The new Twitter retweet system has been unleashed, and it's a classic example of taking something that worked, and breaking it. Rather than simplify something most regular Twitter users understood and used rather creatively, they have now created a hybrid pastiche of behaviors where retweets will mean different things to different people, depending on how they were generated, and which client is in use when perusing them.
It's just nutty. I was contemptuous of this idea from the start, and early experience from most users suggests that I was right to be. It's an example of what happens when people who own a service believe that their narrow experiences represent everyone else's, and what they may or may not want. As I tweeted recently:
The two biggest lies in business are: "Our research shows.." and "Our customers say they want…"
The old method of retweet will still work, but you can be sure the Twitter clients will all handle it differently. But all in all, rather than improve the experience, they have simply made it very difficult to understand who sees what, and why. Far from simplifying things for new, or casual users, they have greatly convoluted them. Even experts aren't quite sure what happens, let alone able to explain it easily.
I just don't have time to really explain all of this right now, so I will just list a few articles that try to explain what they have done, and let you figure it out. I will try and clarify my take with updates, so bookmark this for later reference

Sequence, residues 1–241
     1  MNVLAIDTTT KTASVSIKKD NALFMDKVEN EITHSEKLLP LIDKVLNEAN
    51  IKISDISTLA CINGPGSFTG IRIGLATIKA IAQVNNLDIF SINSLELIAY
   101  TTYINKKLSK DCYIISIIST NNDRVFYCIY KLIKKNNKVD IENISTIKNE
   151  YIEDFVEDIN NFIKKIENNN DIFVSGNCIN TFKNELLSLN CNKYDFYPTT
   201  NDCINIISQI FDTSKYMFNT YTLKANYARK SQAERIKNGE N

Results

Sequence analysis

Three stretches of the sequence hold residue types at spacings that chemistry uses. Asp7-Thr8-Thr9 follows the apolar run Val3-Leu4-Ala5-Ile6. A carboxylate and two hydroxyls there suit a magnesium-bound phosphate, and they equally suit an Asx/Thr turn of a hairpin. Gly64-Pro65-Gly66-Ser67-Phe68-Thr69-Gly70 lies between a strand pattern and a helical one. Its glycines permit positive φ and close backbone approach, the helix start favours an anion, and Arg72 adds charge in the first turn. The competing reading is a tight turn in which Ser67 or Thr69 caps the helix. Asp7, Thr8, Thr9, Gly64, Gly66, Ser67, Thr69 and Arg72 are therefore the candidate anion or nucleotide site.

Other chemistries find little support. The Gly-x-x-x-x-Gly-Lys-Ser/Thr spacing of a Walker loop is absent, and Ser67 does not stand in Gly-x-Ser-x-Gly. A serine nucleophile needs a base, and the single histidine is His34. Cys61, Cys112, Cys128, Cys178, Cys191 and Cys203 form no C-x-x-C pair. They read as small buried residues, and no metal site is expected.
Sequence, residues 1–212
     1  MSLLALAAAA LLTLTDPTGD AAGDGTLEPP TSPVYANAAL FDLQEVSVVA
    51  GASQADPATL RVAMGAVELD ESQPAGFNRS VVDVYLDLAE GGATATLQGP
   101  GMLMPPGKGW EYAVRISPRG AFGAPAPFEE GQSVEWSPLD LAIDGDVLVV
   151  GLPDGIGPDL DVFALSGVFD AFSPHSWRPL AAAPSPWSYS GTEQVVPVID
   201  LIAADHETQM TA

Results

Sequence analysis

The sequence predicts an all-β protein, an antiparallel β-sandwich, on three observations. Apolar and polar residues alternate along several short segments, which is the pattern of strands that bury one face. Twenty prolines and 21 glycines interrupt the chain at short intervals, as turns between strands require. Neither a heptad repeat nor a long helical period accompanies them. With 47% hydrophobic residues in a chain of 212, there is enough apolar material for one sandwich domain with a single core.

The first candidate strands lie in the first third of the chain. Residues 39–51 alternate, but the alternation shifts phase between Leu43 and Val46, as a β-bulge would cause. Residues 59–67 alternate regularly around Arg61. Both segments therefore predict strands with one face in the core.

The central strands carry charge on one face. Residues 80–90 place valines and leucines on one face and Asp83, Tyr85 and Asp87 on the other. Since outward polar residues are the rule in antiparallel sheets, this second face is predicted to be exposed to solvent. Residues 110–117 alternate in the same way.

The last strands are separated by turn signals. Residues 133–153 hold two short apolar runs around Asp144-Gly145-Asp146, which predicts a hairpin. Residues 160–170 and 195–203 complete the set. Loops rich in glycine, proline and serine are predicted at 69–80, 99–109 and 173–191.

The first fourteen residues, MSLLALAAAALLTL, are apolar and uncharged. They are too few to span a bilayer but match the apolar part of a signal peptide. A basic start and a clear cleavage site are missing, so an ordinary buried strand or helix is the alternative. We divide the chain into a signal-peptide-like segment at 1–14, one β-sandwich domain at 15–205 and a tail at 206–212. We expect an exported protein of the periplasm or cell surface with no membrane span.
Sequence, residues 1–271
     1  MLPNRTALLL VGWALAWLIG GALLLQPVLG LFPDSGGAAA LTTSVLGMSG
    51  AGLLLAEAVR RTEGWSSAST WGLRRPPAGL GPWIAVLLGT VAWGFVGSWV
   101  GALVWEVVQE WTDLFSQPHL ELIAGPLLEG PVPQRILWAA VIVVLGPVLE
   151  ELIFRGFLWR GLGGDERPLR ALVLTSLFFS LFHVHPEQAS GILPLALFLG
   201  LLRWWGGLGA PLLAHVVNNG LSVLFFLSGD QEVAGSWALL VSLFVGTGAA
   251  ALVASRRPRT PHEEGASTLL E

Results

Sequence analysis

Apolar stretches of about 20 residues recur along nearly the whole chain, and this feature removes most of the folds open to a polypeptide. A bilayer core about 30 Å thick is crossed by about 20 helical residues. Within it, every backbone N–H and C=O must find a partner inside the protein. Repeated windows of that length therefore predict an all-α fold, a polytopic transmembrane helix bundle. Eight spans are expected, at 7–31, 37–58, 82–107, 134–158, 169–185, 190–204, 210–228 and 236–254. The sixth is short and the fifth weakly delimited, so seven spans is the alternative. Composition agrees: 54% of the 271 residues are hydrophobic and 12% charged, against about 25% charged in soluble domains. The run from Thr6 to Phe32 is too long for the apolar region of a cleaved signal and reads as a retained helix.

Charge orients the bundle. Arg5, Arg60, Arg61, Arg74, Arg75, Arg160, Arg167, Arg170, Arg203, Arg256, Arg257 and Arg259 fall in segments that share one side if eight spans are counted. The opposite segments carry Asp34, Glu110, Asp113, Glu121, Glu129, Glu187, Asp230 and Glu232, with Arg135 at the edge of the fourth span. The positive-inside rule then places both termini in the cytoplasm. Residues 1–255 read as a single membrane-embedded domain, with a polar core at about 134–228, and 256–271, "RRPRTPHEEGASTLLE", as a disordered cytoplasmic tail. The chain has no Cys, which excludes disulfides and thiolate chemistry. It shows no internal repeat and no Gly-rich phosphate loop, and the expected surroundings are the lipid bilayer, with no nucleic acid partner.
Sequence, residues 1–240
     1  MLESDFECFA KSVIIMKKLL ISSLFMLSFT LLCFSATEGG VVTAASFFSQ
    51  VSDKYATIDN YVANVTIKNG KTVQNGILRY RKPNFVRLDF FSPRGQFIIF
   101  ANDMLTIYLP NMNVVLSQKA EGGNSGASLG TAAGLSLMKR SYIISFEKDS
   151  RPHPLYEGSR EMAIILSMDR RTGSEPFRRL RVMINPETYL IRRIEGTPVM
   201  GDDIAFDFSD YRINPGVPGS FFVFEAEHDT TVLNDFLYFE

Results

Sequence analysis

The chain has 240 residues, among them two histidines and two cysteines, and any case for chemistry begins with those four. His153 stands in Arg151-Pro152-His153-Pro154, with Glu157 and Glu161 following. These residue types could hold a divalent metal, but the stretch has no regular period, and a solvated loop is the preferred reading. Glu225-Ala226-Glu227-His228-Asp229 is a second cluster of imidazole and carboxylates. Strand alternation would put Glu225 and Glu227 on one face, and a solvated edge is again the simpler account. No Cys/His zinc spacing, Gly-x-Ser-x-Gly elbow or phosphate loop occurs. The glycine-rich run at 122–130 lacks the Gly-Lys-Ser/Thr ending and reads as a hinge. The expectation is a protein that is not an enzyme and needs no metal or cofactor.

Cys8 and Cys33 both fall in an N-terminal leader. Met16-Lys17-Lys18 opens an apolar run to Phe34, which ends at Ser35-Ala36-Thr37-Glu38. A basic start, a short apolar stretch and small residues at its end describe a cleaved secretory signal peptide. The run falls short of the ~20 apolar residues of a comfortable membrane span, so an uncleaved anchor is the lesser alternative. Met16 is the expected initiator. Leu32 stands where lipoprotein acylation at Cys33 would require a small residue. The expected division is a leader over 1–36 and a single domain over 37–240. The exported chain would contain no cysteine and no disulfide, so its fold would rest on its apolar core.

If someone comes across a really solid explanation of how it all works, please Tweet or email me, and I will pass it on here.
If you have specific understandings of the behaviors (and you are certain about them), post as comments below. I will edit and include them in a more formal guide later.
Why Retweet works the way it does — Twitter CEO, Ev Williams explains in a way that will the most make sense (as far as this sense goes) to social media geeks and people who enjoy reading self-serving corporate business case modeling repackaged in pseudo user-interest clothing.
Project Retweet: Why It Will Change Twitter for the Better — Mashable's take on the new Retweet before it was released. I find this article to be sorely lacking, and a bit of PR puffery planted by Twitter in an attempt to justify something they wanted to do anyway, and got help explaining the rationale wherever they could.
Save the Retweet — Dan Zarella's excellent early effort to prevent this farce from ever happening in the first place. (Wasn't loading at press time, but probably will soon.).
The Reviews Roll In: New Retweet=#FAIL